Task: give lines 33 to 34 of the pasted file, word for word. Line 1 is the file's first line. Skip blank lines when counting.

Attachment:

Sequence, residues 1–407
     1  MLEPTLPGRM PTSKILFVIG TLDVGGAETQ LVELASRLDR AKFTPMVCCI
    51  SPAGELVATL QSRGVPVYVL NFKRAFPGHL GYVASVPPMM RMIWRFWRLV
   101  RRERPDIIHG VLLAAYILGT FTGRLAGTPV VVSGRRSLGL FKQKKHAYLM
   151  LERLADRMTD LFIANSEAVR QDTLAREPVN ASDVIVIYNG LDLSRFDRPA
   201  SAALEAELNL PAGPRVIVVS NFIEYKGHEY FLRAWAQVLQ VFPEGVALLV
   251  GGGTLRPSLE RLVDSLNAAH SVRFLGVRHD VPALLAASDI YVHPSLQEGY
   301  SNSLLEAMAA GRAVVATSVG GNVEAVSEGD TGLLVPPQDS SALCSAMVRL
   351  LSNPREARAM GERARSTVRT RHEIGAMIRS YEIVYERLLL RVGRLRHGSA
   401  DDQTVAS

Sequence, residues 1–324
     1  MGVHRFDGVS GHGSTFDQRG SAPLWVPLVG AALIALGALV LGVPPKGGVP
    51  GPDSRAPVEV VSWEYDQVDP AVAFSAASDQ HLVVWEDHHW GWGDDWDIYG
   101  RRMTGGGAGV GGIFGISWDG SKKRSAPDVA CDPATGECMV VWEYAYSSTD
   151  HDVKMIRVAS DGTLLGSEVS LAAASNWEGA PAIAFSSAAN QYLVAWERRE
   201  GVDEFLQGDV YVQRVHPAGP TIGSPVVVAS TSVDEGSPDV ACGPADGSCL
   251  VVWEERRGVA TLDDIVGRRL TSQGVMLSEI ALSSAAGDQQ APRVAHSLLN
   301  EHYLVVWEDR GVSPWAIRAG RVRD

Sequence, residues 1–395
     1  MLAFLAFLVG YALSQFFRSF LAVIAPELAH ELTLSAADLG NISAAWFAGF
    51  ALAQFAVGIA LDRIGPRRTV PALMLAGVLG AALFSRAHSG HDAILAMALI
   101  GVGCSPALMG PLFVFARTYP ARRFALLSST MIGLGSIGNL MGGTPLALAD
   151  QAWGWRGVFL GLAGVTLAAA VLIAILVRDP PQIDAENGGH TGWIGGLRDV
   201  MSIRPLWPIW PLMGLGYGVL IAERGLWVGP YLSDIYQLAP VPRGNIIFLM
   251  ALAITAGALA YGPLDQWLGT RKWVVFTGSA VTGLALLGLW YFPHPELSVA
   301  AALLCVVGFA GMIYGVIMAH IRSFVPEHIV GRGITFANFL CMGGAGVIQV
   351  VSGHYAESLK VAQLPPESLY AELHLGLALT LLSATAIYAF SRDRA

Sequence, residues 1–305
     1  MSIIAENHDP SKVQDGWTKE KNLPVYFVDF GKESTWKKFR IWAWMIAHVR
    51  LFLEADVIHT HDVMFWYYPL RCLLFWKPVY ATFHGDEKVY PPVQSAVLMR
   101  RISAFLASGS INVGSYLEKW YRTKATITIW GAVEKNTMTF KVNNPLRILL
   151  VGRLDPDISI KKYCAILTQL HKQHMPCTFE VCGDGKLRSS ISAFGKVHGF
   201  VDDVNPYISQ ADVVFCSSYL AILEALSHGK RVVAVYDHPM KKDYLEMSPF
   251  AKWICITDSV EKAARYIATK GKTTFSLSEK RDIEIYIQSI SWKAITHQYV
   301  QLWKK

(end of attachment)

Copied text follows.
   201  VDDVNPYISQ ADVVFCSSYL AILEALSHGK RVVAVYDHPM KKDYLEMSPF
   251  AKWICITDSV EKAARYIATK GKTTFSLSEK RDIEIYIQSI SWKAITHQYV